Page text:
When you first watch Shudder original film The Cellar, you will be struck by how atmospheric it is and how the audience is included in the narrative by looking through the eyes of Elisha Cuthbert’s character, Keira Woods. Directed by Brendan Muldowney, who is known for films such as Pilgrimage, The Cellar is a fascinating look at horror through the eyes of a mother fighting for her family. Recently, Supanova had the chance to sit down with Brendan Muldowney and discuss the film.
“I always say that the short film that it’s based on and in turn the feature, is inspired heavily by Robert Wise’s The Haunting,” he begins, “and I always want to say The Innocents, but there’s no direct homage, it’s just a feeling that The Innocents gives, so I never mention it. Those two films, I watched them just before I made The Cellar, I watched them back-to-back with my daughter.”
The film tells the story of Keira Woods, whose daughter mysteriously vanishes in the cellar of their new house in the country. Keira soon discovers there is an ancient and powerful entity controlling their home that she will have to face or risk losing her family’s souls forever.
The Cellar is based on a 2004 short film The 10 Steps and Muldowney goes into detail on what inspired both of these films.
“The short film was inspired by a feeling of wanting to make a horror film that was about atmosphere without gore, you know, and just subvert some of the tropes, or use tropes in a different way,” he explains.
“So I just wanted to do something like that. I was a real fan of The Haunting and The Innocents and I wanted to capture that feeling and then there was a comic I used to read when I was younger. The comic strip was called The 13th Floor. It was in the future, I think, and a sort of like Hal from 2001: A Space Odyssey would talk to you.
“The tower block had been built without a 13th floor. So the lift would take people it didn’t like to the 13th floor. That was really the idea there. There is a homage in the film to The 13th Floor and I don’t want to give away spoilers, but you can definitely see the homage there.”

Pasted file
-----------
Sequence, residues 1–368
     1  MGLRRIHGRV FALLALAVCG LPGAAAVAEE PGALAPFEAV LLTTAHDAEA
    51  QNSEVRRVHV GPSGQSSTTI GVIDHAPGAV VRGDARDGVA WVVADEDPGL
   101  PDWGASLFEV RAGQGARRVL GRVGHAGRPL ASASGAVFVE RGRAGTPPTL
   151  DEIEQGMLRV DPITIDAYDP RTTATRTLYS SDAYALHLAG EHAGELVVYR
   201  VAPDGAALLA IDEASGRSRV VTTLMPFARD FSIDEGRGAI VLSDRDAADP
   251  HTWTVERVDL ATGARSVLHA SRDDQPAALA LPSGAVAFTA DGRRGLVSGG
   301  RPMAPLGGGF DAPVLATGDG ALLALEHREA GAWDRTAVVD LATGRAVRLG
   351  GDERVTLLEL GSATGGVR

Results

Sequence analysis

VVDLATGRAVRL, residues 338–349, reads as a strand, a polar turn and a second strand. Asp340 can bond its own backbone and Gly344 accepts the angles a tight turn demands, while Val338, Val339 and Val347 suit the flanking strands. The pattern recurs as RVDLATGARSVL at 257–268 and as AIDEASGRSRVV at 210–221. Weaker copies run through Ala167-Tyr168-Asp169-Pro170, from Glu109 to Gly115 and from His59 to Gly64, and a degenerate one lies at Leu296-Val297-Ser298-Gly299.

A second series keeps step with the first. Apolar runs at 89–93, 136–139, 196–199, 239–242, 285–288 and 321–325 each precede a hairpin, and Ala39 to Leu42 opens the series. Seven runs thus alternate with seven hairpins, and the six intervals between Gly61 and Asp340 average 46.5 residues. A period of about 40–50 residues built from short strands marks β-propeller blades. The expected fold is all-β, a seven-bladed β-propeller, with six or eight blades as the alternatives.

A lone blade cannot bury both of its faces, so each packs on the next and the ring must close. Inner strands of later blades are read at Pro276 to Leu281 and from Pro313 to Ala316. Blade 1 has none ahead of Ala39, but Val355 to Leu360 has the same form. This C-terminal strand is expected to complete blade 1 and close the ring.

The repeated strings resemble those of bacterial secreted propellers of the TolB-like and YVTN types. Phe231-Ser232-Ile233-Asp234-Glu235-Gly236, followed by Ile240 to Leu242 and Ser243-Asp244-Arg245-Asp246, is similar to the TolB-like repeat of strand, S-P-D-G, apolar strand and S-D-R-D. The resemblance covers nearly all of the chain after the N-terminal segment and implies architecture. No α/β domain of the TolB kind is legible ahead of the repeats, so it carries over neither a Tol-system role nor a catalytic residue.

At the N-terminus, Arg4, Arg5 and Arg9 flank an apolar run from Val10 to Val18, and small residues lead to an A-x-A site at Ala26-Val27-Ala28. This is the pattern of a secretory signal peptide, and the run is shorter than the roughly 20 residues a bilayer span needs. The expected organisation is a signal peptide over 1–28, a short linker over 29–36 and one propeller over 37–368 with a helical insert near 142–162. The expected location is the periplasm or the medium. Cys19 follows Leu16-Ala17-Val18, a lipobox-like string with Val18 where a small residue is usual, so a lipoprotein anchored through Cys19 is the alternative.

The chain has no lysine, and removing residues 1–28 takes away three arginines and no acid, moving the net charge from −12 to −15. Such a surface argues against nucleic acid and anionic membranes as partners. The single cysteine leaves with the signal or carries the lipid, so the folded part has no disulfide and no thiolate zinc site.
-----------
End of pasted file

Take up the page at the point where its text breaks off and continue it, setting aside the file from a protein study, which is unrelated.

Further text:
One of the elements that set The Cellar apart from other horror movies is the overarching theme of mathematics. Muldowney explains where this idea came from.
“When I was trying to develop the script, I had the beats, I had the ending, I had the short film which was sort of the opening and I tried many different versions of the short film being extended, it being a prologue or whatever,” he tells.
“The thing is I had the plot beats, the thing I needed to invent was the characters and that took a while because, with script editing and financiers, you need to nail that stuff, even though you’re walking around going I’ve got a great plot.
“In the short film, there’s no mythology, it’s just based on Judeo-Christian myths like the devil and hell. So I needed to come up with something different. It went through many different versions of mythology, at one stage I had druids, and Balor, the one-eyed king of the Fomorians which is Irish mythology.
“So I had all sorts of stuff, but then one day I went, you know what, the counting in the short film is so strong, it should continue with this and be mathematically based. The minute I started thinking in a mathematical way, it tapped into something else I’m interested in, quantum physics.
“I’m bad at maths and quantum physics makes my head spin but I do enjoy reading it; I get something out of it, it replaces religion for me. I believe maths is more than just numbers, I believe it’s like a language that describes things that are very profound to us in the universe.”
There are two moments in the film which resonated particularly with Muldowney and Cuthbert, and without spoilers, he expands on the two moments.
“One of them is one of my favourite moments and the other is Elisha’s favourite moment. She loves when the door bursts open, and she saw something I didn’t, she sees her character who’s willing to face anything, that’s why she loves that moment. I love the other moment because I used to call it when we were in prep and even in post, the slowest jump scare ever made. Even though it’s not technically a jump scare, it’s using the jump scare tropes, and playing with how the eyes get accustomed to the dark.”
The Cellar is a uniquely beautiful film, full of charm and heart-wrenching moments. The ending alone is sure to stay with people long after the credits roll.
‘The Cellar’ is now streaming via Shudder